Should Massachusetts drop tuition and fees for in-state students at its public colleges and universities?


Kimberley Connors

Concord resident, member of Progressive Massachusetts

Kimberley Connors

Education is essential and goes to the heart of what we think of ourselves as a people and a Commonwealth. Massachusetts was the first state to offer free public schools. Now, it needs to help lead the way in another important step to make education accessible and affordable for all: providing free tuition and fees at public colleges and universities.

We need a 21st century workforce. Our elected officials work diligently to attract employers, but without highly skilled workers prepared to fill those jobs, this is but an exercise in futility. Making college free would go a long way towards changing that.

Thousands of students are unable to afford college and most who graduate are saddled with very high debt. Since fiscal 2001, cuts to public higher education in our state have led to massive growth in average debt for graduates, according to the nonprofit Massachusetts Budget and Policy Center’s report released earlier this year.


That debt increased by 77 percent from 2004 to 2016, a rate of growth that was higher than in every state but Delaware. This gives Massachusetts the dubious distinction of having gone from the second-lowest amount of average loan debt in 2004 to having the 10th-highest in 2016. In fact, the average debt among public university graduates almost equals that of private colleges and university graduates in Massachusetts. The truth is Massachusetts has fallen to 45th in what we spend on higher education as a share of our economy.

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At the 15 Massachusetts community colleges, tuition and mandatory fees averaged $6,034 per year in fiscal 2018. In today’s tight economy, where many families live paycheck to paycheck, that is unaffordable. That same pressure has led a growing number of states to offer free tuition programs at community colleges — and in at least one case, New York, state universities.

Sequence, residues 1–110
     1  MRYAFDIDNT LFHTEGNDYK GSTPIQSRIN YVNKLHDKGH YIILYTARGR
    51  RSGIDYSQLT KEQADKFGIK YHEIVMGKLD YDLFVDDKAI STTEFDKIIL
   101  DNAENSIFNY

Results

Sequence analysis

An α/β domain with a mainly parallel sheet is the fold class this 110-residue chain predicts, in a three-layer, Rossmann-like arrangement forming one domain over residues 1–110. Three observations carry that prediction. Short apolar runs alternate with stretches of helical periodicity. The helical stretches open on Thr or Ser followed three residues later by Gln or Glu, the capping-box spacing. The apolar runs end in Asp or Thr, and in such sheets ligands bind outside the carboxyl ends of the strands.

As we near the end of the legislative session, a resolve “to establish a special commission on tuition and fee-free and debt-free public higher education” sits in committee. Lawmakers should adopt that resolution as a first step to making free tuition and fees a reality.


Patricia Saint Aubin

Norfolk resident, Republican State Committee member, 2014 Republican nominee for state auditor

Patricia Saint Aubin

A free college education at state schools, you say? How will the current batch of college hopefuls feel after they receive their “free” education, then once in the working world, continue to pay taxes for 40-plus years so all those behind them get that free education too?

If we were to eliminate all the tuition and fee revenue that is generated annually from the state’s colleges and universities, it would create a significant hole in the state budget that would have to be filled by either higher taxes or cuts to programs, including potentially to higher education.


Given that demand for free services is unlimited, what admission criteria will the state’s colleges and universities employ to select students in a world of limited class and dorm space, never mind teacher time? My guess is that academic criteria will rise as capable students prefer a free public college over a private college charging a boodle by comparison. Looks a lot like welfare for the middle and upper classes to me.

Meanwhile, the marginal applicant who has the aptitude and inclination but perhaps not had the opportunity yet to prove himself or herself would get crowded out.

Hold on a minute. Is the free college the perfect environment for every student? Currently, the state’s public universities on average graduate just 55 percent of their students. What will the number become when students choose the free school when it is not the right fit for them?

Some argue we need free tuition because of “crippling student debt.” Then why isn’t someone addressing the real cause of that? If we want to ease the student debt crisis, we need to enlist the help of financial service professionals to steer students away from loans that they will later become an undue burden on them.

Lastly, there is the practical issue. The United States has a shortage of skilled workers. How many plumbers or electricians are in the pipeline? There is an argument to be made for encouraging young people not academically inclined to attend vocational or trade schools rather than encouraging them to choose a “free” education, which we all know can never truly be free.


(This is an informal poll, not a scientific survey. Please vote only once.)

As told to Globe correspondent John Laidler. He can be reached at laidler@globe.com.